Chief security information officers (CISOs) agree that end-users are the most important people when it comes to ensuring a successful security policy that protects an enterprise against cyber-attacks.
However, despite the widespread acceptance that this approach is essential to safeguard against the growing array of threats, it also presents a problem that is difficult to address.
Senior-level managers and executives understand the importance of cyber-security; they've seen any number of companies lose business, money, and customers in the wake of a cyber-attack. They understand that attacks can and do impact on the bottom line and that in some cases, senior executives have to fall on their swords.
For mid-level managers and employees on the front-line, cyber-security isn't a priority; their overarching concerns are winning business, managing customers, building products, and doing all the front-line tasks that are essential in making any organisation successful. So when a message comes down from the CEO about the importance of cyber-security, they acknowledge it. But unlike at the senior level, fear of cyber-threats doesn't drive their behaviour. Rather, these messages are often seen as restrictions on their behaviour that inhibit their everyday effectiveness.
In practise this can mean many things but as an example, it may stop them from using certain apps or online services, such as services for project management, sales apps that flag up buying cycles, or marketing analytic tools that reveal where the most potentially lucrative leads are coming from.
These are just examples but they illustrate the point. If these apps or services haven't been sanctioned by the IT department, IT sees them as threats that can potentially compromise cyber-security. While this may keep the CISO happy, it stymies innovation, puts a handbrake on efficiency, and frustrates end users.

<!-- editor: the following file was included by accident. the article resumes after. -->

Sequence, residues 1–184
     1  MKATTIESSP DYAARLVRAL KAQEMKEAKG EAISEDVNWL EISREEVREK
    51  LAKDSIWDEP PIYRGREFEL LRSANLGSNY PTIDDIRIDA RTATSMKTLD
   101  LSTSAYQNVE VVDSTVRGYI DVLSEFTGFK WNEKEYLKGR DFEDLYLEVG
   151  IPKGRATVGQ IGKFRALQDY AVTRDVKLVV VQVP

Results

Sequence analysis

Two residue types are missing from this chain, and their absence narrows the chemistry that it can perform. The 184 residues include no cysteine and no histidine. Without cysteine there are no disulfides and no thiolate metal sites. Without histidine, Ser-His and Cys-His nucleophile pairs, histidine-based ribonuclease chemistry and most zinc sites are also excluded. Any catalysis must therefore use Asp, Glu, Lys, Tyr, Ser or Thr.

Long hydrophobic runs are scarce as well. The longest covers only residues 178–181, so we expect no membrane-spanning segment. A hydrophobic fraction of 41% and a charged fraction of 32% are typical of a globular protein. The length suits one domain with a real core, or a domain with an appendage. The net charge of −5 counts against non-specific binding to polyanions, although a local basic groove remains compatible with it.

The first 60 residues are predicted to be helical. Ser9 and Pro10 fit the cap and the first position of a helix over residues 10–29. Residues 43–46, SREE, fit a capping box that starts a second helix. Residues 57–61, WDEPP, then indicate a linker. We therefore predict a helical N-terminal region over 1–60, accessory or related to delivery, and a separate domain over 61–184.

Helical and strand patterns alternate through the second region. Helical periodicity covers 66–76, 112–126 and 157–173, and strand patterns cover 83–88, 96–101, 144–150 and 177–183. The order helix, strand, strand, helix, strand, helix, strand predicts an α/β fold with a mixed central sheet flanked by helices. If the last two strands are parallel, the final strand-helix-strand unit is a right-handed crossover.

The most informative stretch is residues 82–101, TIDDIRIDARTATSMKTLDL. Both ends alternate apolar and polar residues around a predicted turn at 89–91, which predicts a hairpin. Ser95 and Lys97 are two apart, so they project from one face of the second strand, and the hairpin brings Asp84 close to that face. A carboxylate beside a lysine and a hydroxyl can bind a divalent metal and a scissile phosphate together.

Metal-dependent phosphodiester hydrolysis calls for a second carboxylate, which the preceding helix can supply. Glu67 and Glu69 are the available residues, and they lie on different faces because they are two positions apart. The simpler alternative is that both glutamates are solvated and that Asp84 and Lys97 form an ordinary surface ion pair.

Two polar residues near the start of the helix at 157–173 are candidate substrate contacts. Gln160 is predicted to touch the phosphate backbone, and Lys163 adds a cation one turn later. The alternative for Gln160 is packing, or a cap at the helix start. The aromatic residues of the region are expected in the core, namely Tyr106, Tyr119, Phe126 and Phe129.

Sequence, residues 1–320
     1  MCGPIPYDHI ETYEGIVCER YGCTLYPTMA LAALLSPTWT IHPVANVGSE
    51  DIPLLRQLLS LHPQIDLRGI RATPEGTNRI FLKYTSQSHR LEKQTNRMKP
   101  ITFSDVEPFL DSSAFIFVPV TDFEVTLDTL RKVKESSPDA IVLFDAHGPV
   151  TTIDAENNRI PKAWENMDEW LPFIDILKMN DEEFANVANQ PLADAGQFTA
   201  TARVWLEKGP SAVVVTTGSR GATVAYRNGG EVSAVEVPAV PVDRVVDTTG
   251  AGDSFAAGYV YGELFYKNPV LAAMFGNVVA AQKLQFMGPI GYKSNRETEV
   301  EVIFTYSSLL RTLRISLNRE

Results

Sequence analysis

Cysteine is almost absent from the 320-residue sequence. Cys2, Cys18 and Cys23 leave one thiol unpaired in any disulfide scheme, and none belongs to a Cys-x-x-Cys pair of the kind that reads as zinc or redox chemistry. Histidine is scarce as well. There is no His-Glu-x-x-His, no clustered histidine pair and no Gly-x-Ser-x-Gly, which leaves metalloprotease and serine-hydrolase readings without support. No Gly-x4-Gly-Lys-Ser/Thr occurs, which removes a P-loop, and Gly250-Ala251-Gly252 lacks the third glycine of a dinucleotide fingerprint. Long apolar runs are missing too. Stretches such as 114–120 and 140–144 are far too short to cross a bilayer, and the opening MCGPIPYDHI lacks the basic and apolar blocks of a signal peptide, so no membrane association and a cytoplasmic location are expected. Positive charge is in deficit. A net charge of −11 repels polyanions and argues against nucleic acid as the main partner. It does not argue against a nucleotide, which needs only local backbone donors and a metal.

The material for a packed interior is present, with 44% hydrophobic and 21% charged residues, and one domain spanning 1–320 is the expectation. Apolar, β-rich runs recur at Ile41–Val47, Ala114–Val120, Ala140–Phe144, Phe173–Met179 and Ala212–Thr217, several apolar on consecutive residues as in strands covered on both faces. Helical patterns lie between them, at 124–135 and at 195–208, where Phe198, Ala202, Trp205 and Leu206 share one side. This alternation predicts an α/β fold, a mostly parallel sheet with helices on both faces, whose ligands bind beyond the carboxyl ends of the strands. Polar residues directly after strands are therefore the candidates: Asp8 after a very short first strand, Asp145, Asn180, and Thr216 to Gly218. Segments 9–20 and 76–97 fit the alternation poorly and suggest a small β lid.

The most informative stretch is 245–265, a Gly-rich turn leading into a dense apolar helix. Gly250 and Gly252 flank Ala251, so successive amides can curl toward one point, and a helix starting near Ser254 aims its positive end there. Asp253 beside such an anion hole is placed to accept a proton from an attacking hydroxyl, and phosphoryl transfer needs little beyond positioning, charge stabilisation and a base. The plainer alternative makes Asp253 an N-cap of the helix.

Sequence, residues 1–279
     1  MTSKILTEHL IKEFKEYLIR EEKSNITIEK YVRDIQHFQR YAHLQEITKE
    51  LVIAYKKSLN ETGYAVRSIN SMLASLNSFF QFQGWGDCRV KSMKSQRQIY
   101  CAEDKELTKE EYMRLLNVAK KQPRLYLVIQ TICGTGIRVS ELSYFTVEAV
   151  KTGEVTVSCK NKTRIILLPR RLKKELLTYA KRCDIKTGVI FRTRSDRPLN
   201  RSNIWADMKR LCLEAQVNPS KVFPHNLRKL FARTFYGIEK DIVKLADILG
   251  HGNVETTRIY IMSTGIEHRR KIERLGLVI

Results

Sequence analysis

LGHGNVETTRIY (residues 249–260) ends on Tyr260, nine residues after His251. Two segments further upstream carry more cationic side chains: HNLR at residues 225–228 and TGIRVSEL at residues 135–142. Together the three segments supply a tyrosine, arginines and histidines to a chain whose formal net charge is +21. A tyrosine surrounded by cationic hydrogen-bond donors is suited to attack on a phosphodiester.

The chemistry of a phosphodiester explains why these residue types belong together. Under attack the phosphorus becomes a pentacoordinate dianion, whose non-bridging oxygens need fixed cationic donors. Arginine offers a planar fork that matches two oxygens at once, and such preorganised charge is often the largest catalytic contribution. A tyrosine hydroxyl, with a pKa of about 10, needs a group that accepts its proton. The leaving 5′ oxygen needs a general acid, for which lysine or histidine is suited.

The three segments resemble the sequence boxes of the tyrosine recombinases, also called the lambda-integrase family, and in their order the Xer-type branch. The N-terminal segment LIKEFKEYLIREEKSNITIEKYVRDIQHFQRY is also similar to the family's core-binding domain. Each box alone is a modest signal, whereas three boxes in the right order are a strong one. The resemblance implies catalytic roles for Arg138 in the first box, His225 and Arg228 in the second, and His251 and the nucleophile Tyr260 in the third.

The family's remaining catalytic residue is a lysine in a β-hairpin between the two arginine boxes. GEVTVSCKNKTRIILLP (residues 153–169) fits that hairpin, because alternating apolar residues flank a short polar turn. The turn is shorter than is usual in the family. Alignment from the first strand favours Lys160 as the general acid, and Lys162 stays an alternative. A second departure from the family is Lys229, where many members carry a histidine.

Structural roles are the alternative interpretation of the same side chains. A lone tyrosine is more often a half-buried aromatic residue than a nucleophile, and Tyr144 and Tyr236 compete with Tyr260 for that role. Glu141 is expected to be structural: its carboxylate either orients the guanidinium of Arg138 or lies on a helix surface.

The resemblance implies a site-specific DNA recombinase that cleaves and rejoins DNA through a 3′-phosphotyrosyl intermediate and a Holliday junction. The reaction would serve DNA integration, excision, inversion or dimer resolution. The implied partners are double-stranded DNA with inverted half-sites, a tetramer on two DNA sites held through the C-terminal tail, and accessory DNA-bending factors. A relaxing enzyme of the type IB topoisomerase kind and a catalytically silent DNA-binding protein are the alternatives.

If security doesn't support innovation, it will always face an uphill battle for the hearts and minds of the line-of-business user. CISOs need to be on the shop floor looking at what technologies those on the front line are using, how they are being used, and the advantages they bring to an organisation.
They then need to ask how security can help further this innovation. They need to ask what they can do to secure the productivity-driving technologies that employees are already using in the business. Progressive CISOs are driven by the understanding that new tech, if securely integrated, is of great benefit. It's the opposite of retreating into the trenches.
We need to move away from the view of shadow IT in which CISOs see only horror and pain when employees bring new technologies into the workplace. The truth is that shadow IT is the biggest indicator of what employees want and what tools are helping drive the business forward.
Do you recall the first iPhone that was introduced in 2007? They were insanely popular and signalled the beginning of the smartphone revolution. Everybody had one and those who didn't, wanted one.
Apart from their innovative and aesthetic appeal, they were extremely powerful pocket computers and many front-line workers were quick to seize on the opportunities they offered in helping with everyday work tasks. However, they sent shudders down the spines of CISOs, horrified at the thought of sensitive corporate data exposed on these unprotected, “toy” devices.
Luckily, tools and technologies evolved to protect these devices and the data on them. Eventually, security professionals acknowledged the business innovation and flexible workstyles that smartphones enabled.
Today, smartphones are no longer a revolution; they are an established fact of everyday working life. Organisations that don't permit their use are typically viewed as being stuck in the past, and the best and brightest employee talent tends to give companies like this a wide berth.
Contributed by Ojas Rege, chief strategy officer, MobileIron
*Note: The views expressed in this blog are those of the author and do not necessarily reflect the views of SC Media UK or Haymarket Media.